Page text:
Stem cell research is a topic that has prompted much debate throughout the US in the last decade or so. In particular, it is the use of embryonic cells that has created the most historical discussion, with its opposition claiming that this practice is in direct disregard to legislation which prohibits the creation or the destruction of embryos for the purposes of research. The Bush administration of the US moved to curtail public investment into embryonic stem cell research, forcing private investors to contribute in reproducing the requisite cells.
The current government and its leader Barack Obama is in favor of the research however, and imposed rules in 2009 that allowed these privately funded cells to be used and tested in a controlled and well managed working environment. Subsequently, the Federal court last week gave Mr Obama’s administration the go ahead to continue their funding of embryonic stem cell research, lifting a previous injunction due to the ambiguity of the existing legislation on public spending in the US.
A Matter of Individual OpinionIt is thought that those who oppose embryonic stem cell research may well take their appeal to the supreme court, so the matter is likely to rage for the foreseeable future and beyond. It is a matter of individual opinion, with the previous administration of the US opposed to its practice and the more liberal government of Barack Obama in support of both the research and their role in funding and facilitating it.
It supporters claim that the application of both embryonic stem cell research and its adult equivalent (which is entirely permissible under law and legislation) has shown immense promise as a potential solution to afflictions such as Parkinson’s disease, diabetes and even specific types of cancer. It is ironically the application of embryonic cells that could most benefit society however, as they are more malleable than adult cells and have the potential to develop in to many different cells within the human body.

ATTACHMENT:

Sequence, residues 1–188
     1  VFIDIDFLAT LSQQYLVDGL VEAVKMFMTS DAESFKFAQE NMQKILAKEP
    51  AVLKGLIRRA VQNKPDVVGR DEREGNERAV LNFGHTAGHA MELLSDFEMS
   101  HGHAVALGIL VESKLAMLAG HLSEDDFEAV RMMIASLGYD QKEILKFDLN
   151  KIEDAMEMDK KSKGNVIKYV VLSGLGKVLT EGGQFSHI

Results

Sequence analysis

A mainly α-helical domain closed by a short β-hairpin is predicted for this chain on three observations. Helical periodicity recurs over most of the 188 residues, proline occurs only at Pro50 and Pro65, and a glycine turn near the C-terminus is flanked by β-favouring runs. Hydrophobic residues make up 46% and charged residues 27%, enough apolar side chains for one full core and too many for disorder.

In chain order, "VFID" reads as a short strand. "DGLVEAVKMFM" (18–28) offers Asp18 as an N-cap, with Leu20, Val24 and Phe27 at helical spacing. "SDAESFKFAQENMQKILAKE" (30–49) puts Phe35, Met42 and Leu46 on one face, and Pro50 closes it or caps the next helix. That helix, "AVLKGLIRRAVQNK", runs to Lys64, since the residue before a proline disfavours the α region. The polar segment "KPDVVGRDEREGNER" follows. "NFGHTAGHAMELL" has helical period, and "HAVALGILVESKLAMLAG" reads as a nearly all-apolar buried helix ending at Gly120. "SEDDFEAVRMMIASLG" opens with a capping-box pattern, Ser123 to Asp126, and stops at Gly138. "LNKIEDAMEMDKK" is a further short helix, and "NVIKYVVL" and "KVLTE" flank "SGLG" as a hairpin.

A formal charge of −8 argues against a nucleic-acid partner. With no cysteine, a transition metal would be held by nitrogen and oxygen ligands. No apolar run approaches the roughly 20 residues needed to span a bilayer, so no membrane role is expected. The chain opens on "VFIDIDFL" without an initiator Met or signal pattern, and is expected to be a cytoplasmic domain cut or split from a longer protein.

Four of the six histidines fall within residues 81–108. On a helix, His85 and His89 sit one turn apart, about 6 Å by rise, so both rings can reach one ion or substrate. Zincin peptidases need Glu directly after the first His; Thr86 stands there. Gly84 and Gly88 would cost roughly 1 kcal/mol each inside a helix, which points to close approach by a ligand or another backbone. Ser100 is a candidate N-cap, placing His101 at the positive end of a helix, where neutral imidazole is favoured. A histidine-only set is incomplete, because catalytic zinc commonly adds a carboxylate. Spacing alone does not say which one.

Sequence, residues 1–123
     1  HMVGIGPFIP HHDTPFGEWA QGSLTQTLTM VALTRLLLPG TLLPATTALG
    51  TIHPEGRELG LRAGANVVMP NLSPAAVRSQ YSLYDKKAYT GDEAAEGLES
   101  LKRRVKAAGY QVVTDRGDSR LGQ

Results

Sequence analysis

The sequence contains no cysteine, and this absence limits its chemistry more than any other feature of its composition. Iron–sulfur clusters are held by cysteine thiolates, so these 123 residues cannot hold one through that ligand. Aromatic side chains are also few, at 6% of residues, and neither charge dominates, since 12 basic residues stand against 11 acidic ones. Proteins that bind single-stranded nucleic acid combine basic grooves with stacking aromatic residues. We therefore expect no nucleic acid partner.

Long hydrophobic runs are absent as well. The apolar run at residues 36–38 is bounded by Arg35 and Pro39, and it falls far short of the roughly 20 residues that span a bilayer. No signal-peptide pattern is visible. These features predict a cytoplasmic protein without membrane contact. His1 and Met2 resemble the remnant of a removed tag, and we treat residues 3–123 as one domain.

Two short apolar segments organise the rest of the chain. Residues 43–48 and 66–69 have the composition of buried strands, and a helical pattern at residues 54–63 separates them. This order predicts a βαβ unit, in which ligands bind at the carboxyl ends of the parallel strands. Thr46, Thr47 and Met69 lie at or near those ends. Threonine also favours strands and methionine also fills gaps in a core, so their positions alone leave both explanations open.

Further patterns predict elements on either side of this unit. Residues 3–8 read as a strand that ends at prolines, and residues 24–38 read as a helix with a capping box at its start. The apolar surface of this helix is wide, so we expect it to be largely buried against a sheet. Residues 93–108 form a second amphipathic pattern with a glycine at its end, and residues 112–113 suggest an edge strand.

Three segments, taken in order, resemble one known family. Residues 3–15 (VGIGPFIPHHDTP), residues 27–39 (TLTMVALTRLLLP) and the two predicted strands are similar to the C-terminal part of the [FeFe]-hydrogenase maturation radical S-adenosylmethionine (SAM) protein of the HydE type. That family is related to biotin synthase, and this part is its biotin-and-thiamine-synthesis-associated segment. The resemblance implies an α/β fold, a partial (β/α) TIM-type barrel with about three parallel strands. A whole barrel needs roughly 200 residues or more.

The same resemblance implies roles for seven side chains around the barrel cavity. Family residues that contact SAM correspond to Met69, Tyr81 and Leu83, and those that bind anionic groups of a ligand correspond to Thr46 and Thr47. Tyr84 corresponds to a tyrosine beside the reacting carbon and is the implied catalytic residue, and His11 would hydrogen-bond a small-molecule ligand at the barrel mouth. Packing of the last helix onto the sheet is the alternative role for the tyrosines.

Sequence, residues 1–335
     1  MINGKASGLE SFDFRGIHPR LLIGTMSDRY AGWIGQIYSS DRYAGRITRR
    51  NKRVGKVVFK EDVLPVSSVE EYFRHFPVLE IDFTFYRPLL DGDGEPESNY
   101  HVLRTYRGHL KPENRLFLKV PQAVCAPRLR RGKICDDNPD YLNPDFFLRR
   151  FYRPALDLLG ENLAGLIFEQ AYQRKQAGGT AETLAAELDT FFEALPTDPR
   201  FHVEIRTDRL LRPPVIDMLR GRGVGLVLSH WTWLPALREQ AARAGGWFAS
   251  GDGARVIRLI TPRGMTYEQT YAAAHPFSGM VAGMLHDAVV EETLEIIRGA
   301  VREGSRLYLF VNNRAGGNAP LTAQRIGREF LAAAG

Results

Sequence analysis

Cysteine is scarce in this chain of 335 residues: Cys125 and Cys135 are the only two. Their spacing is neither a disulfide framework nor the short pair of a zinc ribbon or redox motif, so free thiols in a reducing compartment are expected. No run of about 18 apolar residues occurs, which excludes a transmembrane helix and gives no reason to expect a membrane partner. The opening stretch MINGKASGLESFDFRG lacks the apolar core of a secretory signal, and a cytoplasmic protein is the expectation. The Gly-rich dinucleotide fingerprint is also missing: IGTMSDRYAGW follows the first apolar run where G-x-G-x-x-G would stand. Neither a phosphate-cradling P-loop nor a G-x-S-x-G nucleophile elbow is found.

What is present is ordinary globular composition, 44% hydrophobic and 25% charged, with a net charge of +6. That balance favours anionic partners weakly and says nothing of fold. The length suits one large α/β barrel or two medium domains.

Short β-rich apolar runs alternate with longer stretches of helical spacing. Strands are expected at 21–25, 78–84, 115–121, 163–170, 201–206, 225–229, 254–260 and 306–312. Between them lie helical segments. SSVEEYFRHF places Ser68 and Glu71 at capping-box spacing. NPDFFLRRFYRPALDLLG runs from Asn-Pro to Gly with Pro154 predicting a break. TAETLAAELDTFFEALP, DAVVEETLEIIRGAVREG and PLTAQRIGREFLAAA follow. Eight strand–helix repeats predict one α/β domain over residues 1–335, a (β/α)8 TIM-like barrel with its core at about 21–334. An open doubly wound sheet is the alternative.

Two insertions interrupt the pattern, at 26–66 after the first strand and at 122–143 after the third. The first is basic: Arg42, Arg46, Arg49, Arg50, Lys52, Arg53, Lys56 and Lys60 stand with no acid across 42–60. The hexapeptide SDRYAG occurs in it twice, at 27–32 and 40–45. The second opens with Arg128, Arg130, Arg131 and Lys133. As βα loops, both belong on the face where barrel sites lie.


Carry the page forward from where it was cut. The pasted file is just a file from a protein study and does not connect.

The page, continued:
The potential benefits of stem cell research are not widely disputed, which gives an indication to why the use of adult cells is not opposed by law or legislation. In is the moral implications which create opposition with regards to the use of embryonic cells for the purposes of research, and in particular the act of either creating or destroying a living entity in the course of scientific progress.
The Creation and Destruction of Living Entities
One of the main moral obligations is the creation and manipulation of human life for the purpose of seeking out knowledge and progress, and in particular where this might lead with regards to the research techniques employed in future generations. Those who oppose stem cell research hold concerns as to the power that science will soon be able to wield over nature, and whether natural selection will be forcibly overwhelmed leaving society prone to over population and poor living conditions.
While this is an understandable concern, it is part of an overall decision that must be taken with regards to scientific and medical research. Either it must be funded and managed to the best of a particular governments ability, or it should be marginalized with a view to enforcing the significance of natural selection as a mode of population control. To attempt to facilitate both would ultimately achieve little, and neither create advancement for treatments or adequately regulate the growing citizenship within the US.
Taking Advantage of Scientific Advancements
It is the duty of a government to protect their citizens, from both harmful social elements and both disease and hardship. While this must also be balanced with protecting the interests of future generations, it could be argued that not maximizing the potential of scientific advancement and medical research is an act of negligence towards the society of today. With that ethos in mind, embryonic stem cell research is not the destruction of life for gain, but more a reasonable application of opportunity and knowledge.